Cheriton School of Computer Science PhD candidate Sangho Suh and his colleagues have found a way to use comic strips to teach coding to novice learners.
Coding strips use comics to present programming concepts in a more accessible way. They chose comics because it is a medium well known for its ability to explain complicated concepts and processes effectively through visual storytelling.
This work is different from that of others that has looked at using comics to introduce coding, as it provides corresponding code. Providing code allows novice learners to see how it can map to meaningful action in their lives. This helps them understand the concept and code intuitively.
“There are a lot of challenges associated with engaging students who are learning to code because they find it to be abstract and difficult,” explained Sangho Suh, lead author of this research. “Our work shows that teachers can use coding strips to address this challenge.”
The researchers first studied how to design coding strips. They identified programming concepts and designed coding strips to formulate the design process. They then created a design board, an empty canvas with five sections corresponding to the steps in the design process —
- List important properties of a programming concept
- Select one property and write stories that illustrate it
- Choose one of the stories and write its corresponding code
- Identify an appropriate set of design patterns for comics
- Use them to produce the comic strip
The researchers then conducted two design workshops with a group of undergraduate and graduate students, and the other with high school computer science teachers, to evaluate the design process and tools, and gauge their interest in using coding strips.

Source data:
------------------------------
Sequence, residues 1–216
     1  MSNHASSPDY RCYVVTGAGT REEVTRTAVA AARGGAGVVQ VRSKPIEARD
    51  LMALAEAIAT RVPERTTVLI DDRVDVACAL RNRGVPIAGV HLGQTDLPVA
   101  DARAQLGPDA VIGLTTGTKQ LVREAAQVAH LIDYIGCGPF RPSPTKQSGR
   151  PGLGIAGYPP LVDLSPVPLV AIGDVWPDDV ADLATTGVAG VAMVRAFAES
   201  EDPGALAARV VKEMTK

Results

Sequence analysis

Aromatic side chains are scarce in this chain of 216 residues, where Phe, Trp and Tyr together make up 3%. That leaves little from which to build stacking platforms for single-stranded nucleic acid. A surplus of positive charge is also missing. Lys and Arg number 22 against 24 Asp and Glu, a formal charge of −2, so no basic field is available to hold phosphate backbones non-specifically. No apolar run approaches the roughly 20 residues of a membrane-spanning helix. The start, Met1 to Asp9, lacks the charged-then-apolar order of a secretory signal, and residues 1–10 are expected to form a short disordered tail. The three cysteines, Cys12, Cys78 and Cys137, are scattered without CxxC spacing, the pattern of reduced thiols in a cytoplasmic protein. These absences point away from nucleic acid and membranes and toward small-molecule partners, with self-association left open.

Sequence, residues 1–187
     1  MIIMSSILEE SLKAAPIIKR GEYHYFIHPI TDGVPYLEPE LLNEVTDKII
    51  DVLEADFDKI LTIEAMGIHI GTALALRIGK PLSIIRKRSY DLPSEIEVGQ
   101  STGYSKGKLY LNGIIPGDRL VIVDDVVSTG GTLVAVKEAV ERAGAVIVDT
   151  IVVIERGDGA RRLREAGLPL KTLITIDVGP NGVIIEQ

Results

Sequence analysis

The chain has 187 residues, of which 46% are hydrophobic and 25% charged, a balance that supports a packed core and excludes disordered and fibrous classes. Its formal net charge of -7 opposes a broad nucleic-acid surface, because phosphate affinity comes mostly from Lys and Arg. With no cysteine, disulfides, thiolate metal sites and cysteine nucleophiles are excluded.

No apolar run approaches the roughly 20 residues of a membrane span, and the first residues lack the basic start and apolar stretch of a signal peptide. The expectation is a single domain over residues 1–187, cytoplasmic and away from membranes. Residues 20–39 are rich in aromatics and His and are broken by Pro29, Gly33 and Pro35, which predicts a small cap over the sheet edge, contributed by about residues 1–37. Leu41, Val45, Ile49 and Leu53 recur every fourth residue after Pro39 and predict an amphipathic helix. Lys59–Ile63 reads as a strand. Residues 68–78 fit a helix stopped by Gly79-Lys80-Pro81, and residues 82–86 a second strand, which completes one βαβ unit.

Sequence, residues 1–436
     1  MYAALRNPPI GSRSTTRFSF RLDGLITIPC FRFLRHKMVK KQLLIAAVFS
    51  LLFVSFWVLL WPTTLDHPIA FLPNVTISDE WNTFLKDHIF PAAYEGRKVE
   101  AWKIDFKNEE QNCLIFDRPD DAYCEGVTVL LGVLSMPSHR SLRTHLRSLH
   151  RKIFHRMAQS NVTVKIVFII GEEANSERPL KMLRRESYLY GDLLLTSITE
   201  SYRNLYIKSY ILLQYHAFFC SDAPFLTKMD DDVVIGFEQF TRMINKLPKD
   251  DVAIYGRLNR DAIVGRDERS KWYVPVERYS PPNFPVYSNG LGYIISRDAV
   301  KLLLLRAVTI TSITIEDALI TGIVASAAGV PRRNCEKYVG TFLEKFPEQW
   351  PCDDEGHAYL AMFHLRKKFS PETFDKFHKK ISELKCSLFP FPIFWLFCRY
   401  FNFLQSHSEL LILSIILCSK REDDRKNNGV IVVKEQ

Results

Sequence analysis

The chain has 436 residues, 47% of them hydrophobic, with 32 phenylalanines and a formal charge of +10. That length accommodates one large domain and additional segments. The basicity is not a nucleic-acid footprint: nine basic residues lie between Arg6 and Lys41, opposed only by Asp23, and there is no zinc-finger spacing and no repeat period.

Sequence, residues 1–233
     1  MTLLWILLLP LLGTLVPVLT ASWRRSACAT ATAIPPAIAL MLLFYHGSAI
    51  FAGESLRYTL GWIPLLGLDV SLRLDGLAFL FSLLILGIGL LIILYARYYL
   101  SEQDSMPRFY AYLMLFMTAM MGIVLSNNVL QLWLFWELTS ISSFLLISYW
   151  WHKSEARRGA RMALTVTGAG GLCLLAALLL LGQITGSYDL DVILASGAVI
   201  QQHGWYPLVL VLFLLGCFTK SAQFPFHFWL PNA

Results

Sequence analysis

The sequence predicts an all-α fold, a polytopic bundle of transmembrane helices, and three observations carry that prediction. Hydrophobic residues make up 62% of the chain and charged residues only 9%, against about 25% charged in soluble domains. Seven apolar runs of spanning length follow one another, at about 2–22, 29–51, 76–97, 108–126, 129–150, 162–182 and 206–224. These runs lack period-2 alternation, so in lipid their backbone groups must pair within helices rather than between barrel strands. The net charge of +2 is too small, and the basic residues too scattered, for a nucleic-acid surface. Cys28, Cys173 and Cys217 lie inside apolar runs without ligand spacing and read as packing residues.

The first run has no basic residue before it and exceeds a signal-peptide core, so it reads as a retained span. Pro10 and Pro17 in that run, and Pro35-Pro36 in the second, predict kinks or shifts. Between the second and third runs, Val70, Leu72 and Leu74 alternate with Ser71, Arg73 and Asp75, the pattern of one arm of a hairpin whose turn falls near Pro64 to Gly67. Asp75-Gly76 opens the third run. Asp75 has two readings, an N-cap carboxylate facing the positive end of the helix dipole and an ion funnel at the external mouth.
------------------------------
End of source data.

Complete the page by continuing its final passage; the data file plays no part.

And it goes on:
“Participants praised the potential of coding strips to engage, motivate, and interest students in learning to code,” said Cheriton School of Computer Science Professor Edith Law, a co-author on the study.
Their study, Coding Strip: A Pedagogical Tool for Teaching and Learning Programming Concepts through Comics, was recently presented by Sangho at VL/HCC 2020, the IEEE Symposium on Visual Languages and Human-Centric Computing.
In a follow-up study, Sangho taught a Waterloo undergraduate computer science course and tested four use cases of coding strips. They include using coding strips to introduce concepts and codes, review, and practice coding. The researchers found that students thoroughly enjoyed learning with coding strips and benefitted from these use cases in various ways. This work, Using Comics to Introduce and Reinforce Programming Concepts in CS1, was recently accepted and will be presented at a premier computing education conference, ACM Special Interest Group on Computer Science Education.
The researchers set up a coding strip website to make coding strips, design tools, and publications available for download for teachers and students interested in creating and using coding strips.